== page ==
Bee Gees fever lives on:

The TV Guide - - CONTENTS -

Forty years af­ter Satur­day Night Fever, TV airs a trib­ute to The Bee Gees. How deep is your love for their mu­sic?

The Bee Gees’ song Stayin’ Alive is such a durable hit that it is now be­ing used in an ad­vert for the Bri­tish Heart Foun­da­tion.

In the com­mer­cial, the for­mer foot­baller and ac­tor Vin­nie Jones demon­strates how to ad­min­is­ter CPR to the beat of Stayin’ Alive.

That is just one of the band’s many hits cel­e­brated in TVNZ 1’s

Stayin’ Alive: A Grammy Salute To The Mu­sic Of The Bee Gees.

This one-off spe­cial, recorded at Los An­ge­les’ Mi­crosoft Theatre this year, marks the 40th an­niver­sary of the sound­track to the film

Satur­day Night Fever.

The sound­track be­came a pop cul­ture phe­nom­e­non. In the US, it held the top spot in the Bill­board 200 for 24 weeks. The al­bum spawned four No 1 sin­gles and five Gram­mys, in­clud­ing Al­bum Of The Year for 1978.

Born in Manch­ester and brought up in Aus­tralia, the three el­dest Gibb broth­ers – Barry, Robin and Mau­rice (above) – started The Bee Gees as a fam­ily group in 1958.

They pro­ceeded to shift more than 220 mil­lion records world­wide, with nine No 1 hits in the US.

Sadly, only the el­dest brother, Barry, sur­vives. Mau­rice died at the age of 53 in 2003, while his twin Robin died aged 62 in 2012.

The youngest brother, Andy, who was not part of the band, died at the age of 30 in 1988. He bat­tled drug ad­dic­tion dur­ing a solo pop ca­reer in which Barry wrote and pro­duced sev­eral hits for him. Look­ing back on his ter­ri­ble losses now, Barry says that, “Your world turns up­side down. But some­how you get through.”

Stayin’ Alive: A Grammy Salute To The Mu­sic Of The Bee Gees

fea­tures mu­si­cal trib­utes to the band by such lu­mi­nar­ies as Ste­vie Won­der, Ed Sheeran, Ce­line

Dion, Nick Jonas, John Leg­end, Demi Lo­vato, and Keith Ur­ban. Barry also per­forms a selec­tion of hits from the Satur­day Night

Fever sound­track. Neil Port­now, Pres­i­dent/CEO of The Record­ing Academy which runs the Gram­mys, un­der­scores why the band are so wor­thy of cel­e­bra­tion.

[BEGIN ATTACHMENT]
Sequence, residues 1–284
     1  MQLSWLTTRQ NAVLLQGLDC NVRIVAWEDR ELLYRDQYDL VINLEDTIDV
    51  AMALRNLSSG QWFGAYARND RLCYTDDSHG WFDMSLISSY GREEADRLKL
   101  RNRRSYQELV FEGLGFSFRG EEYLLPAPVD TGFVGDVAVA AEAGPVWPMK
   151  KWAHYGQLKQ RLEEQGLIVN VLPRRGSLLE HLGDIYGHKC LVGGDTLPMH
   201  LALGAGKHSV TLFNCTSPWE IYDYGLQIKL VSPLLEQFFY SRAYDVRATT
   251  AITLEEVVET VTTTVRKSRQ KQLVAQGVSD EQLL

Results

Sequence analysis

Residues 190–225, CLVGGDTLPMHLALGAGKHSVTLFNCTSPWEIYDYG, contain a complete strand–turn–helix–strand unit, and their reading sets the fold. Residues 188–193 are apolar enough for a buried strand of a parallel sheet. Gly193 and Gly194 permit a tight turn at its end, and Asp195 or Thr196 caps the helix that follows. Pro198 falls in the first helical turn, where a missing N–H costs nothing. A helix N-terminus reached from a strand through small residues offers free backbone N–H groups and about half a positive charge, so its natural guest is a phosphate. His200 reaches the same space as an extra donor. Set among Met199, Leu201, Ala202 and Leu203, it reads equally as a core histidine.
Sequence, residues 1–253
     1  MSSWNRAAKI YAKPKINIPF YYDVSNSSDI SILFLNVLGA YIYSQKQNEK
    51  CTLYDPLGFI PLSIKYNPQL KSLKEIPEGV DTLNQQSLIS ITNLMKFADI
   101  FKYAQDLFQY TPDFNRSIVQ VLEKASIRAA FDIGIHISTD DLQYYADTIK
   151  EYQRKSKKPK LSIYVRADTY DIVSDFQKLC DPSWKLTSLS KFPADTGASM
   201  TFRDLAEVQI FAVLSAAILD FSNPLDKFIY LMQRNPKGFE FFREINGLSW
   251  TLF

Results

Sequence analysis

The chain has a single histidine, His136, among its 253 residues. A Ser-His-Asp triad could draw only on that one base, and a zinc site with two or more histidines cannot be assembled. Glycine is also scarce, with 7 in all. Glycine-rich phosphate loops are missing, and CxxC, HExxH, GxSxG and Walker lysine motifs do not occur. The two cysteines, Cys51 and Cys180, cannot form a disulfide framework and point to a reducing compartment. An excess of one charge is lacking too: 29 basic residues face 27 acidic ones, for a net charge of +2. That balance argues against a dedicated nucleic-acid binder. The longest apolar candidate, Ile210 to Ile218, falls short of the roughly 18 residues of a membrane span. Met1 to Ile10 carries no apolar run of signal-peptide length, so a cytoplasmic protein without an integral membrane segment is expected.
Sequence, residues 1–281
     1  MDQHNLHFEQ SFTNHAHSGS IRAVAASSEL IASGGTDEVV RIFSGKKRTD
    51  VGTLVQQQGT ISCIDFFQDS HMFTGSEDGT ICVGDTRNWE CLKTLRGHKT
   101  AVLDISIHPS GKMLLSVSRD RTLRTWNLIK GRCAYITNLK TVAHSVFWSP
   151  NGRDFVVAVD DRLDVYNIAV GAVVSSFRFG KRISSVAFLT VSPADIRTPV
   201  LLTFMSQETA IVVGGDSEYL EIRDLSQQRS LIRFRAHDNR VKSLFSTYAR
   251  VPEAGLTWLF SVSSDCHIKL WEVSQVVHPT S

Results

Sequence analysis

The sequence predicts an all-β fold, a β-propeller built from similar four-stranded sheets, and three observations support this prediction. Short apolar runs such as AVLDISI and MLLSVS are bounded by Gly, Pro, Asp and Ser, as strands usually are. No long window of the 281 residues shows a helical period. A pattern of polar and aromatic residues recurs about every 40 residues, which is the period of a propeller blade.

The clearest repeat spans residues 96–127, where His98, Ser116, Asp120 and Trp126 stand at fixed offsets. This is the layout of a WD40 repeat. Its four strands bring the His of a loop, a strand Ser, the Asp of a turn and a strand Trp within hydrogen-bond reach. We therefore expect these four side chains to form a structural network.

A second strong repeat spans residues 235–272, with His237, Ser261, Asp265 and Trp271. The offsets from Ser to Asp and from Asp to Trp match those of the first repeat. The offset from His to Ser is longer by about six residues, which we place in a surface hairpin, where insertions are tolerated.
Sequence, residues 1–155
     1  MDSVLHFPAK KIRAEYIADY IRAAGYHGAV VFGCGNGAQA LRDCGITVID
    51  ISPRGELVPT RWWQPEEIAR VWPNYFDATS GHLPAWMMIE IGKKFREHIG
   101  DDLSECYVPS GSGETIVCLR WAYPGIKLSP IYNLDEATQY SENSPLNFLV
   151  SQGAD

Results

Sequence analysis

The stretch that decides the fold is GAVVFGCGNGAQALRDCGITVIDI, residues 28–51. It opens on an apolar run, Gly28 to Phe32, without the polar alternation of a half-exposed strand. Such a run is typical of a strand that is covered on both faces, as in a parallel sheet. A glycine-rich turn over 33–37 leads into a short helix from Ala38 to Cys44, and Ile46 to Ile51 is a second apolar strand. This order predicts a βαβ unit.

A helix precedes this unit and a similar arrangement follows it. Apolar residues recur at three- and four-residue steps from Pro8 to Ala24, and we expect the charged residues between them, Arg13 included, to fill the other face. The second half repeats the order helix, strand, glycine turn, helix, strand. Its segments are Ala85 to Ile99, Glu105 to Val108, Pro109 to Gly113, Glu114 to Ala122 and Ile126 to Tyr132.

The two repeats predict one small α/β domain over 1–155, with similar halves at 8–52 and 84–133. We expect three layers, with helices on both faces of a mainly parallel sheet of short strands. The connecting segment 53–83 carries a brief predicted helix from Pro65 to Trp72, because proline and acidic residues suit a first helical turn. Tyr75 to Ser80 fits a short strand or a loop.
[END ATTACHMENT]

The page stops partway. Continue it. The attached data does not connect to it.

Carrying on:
“The Bee Gees were in­ter­na­tional mu­si­cal icons who helped make

Satur­day Night Fever an em­blem of 1970s pop cul­ture. The iconic band of broth­ers de­fined not just a genre, but a gen­er­a­tion.”

The irony is that, for all their well-de­served cur­rent adu­la­tion, The Bee Gees were once viewed as ter­mi­nally un­cool. Their char­ac­ter­is­tic falsetto vo­cals, ex­trav­a­gant hair­dos and out­ra­geous disco out­fits were mocked by co­me­di­ans such as Kenny Everett and The Hee Bee Gee Bees, who re­leased the cruel, but amus­ing spoof track, Mean­ing­less Songs (In Very High Voices).

Barry re­calls that be­cause they were re­garded as “poster boys for disco”, when the genre went out of fash­ion, so did the band.

“There was a time when it wasn’t cool to even be seen with The Bee Gees,” the 71-year-old singer sighs.

Now, how­ever, they are fi­nally re­ceiv­ing the praise they merit as among the great­est singers and song­writ­ers of all time.

They are also be­ing feted by younger, seem­ingly cooler mu­si­cians.

For in­stance, Barry re­veals, “Noel Gallagher told me he al­ways lis­tened to my mu­sic. That to me is stag­ger­ing be­cause in the pe­riod when Oa­sis be­came big, we were gone. That was not our time.”

Now Barry and Noel are due to meet up again.

“We’re go­ing to go for a curry,” dis­closes Barry, who per­formed in the Leg­end slot at this year’s Glas­ton­bury Fes­ti­val. “We can talk about what it’s like to be in a band with broth­ers.”

Barry, who has also com­posed and pro­duced tracks for many other artists in­clud­ing Frankie Valli (Grease), Dionne War­wick (Heart­breaker), Bar­bra Streisand (Woman In Love), Diana Ross (Chain Re­ac­tion) and Kenny Rogers and Dolly Par­ton (Is­lands In The

Stream), ad­mits that like Oa­sis, The Bee Gees were some­times be­set by fra­ter­nal ri­val­ries.

“I re­mem­ber lots of in­tense ar­gu­ments, not speak­ing to each other for weeks and then com­ing back to­gether again.

“It doesn’t stop you be­ing broth­ers. We broke up in 1969, and yet my broth­ers came to my wed­ding in 1970 and we started talk­ing again – and sud­denly we were back in the stu­dio.”

Once they had re-formed, their work proved as har­mo­nious as their mu­sic. Barry rec­ol­lects, “Every­thing had to be unan­i­mous. If one of us was un­happy about any­thing, we

wouldn’t do it.”

“There was a time when it wasn’t cool to even be seen with The Bee Gees.” – Barry Gibb

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